Though pricey the iPad is, to me at least, a device with immense potential and numerous use cases in education.
Even very young learners seem to get almost intuitively what it means to simply touch a screen in order to get things going. As Steve Jobs himself famously said at the , nobody wants to use a stylus, humans have a natural stylus even ten of them.
In a matter of days, I learned about two initiatives that see big potential in the iPad for special needs students as well.
The first is not only dedicated to this group of students but explicitly includes them in what they built. I wrote about this startup for EDUKWEST just this week to support their Kickstarter campaign. PointScribe want to teach children handwriting in a new interactive way with lots of autonomy for the individual student using touchscreen devices especially on the iPad.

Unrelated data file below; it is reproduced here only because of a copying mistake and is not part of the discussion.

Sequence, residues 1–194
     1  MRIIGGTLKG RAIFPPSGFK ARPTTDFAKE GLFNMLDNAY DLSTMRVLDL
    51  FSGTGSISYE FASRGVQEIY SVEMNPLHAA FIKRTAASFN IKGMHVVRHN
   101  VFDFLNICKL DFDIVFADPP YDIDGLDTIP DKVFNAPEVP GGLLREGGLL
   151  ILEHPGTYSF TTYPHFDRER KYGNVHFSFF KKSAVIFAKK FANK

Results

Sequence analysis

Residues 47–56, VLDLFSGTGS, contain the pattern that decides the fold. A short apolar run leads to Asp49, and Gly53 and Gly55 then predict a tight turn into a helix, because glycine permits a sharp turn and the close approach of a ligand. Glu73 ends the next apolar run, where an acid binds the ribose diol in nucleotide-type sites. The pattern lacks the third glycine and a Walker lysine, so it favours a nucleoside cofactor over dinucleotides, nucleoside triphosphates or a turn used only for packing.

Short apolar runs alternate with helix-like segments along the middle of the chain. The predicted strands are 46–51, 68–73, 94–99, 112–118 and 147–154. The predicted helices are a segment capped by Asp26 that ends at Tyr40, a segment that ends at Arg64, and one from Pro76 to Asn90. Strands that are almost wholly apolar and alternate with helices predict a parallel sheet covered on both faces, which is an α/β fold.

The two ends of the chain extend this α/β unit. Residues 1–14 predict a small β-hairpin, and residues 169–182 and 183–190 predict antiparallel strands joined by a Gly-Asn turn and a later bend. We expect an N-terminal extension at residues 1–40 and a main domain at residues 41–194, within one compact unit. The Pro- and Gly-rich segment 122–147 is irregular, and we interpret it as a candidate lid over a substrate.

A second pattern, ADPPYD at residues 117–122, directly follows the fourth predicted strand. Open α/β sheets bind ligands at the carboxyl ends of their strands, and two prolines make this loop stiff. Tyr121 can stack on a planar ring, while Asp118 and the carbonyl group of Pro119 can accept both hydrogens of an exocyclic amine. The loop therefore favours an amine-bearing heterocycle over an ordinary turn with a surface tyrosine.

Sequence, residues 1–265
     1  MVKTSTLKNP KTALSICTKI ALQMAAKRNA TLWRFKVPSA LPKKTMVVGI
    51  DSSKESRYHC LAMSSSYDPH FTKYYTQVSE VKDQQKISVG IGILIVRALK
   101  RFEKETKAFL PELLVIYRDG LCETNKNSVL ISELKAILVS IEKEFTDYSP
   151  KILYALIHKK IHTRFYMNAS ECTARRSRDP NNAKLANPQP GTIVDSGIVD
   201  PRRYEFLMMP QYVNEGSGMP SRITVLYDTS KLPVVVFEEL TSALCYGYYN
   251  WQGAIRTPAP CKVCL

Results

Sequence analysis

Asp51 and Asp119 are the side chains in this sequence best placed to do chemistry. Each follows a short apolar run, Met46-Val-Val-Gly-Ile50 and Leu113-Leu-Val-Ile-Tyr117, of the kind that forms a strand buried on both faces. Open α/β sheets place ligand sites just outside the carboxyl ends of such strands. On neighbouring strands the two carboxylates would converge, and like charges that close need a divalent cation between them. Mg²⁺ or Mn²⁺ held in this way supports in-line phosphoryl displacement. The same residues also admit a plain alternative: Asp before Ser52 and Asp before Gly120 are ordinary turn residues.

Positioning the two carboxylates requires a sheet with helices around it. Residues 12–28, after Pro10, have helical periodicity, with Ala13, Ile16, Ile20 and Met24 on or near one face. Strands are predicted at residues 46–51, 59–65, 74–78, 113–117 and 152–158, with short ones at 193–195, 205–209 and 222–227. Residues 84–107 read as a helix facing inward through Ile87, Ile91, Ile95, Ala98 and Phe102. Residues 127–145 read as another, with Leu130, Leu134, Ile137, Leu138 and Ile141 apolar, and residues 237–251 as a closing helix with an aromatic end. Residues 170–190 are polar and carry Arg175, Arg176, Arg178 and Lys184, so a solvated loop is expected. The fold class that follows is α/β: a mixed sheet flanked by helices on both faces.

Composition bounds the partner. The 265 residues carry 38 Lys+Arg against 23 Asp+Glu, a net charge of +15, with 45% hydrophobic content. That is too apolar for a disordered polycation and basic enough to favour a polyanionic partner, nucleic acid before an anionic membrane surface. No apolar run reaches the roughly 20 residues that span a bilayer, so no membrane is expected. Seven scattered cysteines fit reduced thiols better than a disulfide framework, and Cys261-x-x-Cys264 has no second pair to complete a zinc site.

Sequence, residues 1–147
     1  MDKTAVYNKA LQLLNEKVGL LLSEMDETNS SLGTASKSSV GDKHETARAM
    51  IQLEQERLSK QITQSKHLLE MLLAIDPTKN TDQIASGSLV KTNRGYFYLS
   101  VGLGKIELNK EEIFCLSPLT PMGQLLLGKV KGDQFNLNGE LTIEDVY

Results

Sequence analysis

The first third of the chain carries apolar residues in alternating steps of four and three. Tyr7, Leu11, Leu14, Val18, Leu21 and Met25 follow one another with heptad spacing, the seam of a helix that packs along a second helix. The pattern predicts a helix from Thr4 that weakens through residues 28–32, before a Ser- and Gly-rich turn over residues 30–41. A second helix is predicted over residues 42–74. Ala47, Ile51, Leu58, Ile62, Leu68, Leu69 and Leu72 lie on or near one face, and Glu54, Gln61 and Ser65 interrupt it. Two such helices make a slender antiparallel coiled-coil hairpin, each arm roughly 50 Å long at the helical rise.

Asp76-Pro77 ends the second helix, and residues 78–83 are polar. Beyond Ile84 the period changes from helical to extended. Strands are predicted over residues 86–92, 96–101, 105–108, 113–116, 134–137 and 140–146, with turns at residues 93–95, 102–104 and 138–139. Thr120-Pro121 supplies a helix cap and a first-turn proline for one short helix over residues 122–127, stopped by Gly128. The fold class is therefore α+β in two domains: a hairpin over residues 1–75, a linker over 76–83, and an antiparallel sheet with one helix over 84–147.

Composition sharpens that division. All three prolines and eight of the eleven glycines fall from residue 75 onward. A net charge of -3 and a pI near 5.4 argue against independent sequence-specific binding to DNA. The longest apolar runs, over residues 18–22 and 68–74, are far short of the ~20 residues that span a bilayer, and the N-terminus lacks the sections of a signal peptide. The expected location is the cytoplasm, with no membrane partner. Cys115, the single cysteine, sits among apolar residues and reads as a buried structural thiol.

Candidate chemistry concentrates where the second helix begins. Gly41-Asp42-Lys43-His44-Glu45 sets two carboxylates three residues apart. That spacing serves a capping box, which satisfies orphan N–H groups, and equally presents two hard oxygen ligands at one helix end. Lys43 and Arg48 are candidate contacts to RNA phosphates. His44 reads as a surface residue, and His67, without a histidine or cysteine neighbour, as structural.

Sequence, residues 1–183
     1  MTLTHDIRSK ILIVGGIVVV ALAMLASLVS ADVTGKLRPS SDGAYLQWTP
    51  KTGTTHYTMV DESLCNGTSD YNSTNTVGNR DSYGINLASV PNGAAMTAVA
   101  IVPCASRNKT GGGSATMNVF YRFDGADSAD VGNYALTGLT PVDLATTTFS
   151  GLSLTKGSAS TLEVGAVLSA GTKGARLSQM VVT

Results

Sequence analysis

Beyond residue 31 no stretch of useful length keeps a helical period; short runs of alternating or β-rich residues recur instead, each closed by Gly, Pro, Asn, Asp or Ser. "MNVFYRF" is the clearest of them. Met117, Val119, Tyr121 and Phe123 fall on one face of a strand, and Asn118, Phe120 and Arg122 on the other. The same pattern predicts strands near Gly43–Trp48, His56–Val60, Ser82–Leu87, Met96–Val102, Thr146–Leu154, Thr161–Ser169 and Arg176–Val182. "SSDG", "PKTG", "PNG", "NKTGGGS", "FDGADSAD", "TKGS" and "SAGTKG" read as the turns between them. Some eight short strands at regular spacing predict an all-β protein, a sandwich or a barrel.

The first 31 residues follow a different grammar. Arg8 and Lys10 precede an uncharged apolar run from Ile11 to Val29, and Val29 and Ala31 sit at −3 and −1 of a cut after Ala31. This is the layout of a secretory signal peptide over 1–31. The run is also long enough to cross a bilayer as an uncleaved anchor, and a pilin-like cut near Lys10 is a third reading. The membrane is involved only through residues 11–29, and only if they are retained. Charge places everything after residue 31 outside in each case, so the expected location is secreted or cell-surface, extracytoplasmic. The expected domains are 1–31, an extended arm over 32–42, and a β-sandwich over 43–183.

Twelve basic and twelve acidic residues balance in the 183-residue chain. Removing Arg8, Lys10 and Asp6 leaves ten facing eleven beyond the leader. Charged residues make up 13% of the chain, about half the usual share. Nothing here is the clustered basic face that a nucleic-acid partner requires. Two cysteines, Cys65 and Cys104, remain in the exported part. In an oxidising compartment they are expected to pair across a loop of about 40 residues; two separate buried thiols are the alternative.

The second article comes from the Maplewood NJ school district where they had nearly 300 iPads delivered to teachers of special needs students and those teachers were all very enthusiastic about the potential and various different ways the iPad would bring to teaching their classes.
Made possible through a federal grant they had a workshop taking place with over 130 educators from all over the state participating and with the aim to learn how best make use of the various options the iPad offers.
I’m sure that in the near future we will not only hear about the iPad finding its place in an increasing number of classrooms worldwide but particularly with special needs children. It just seems so natural to any human to use an iPad which not only shows ingeniousness in itself but also bring a new quality to learning and teaching students with special needs.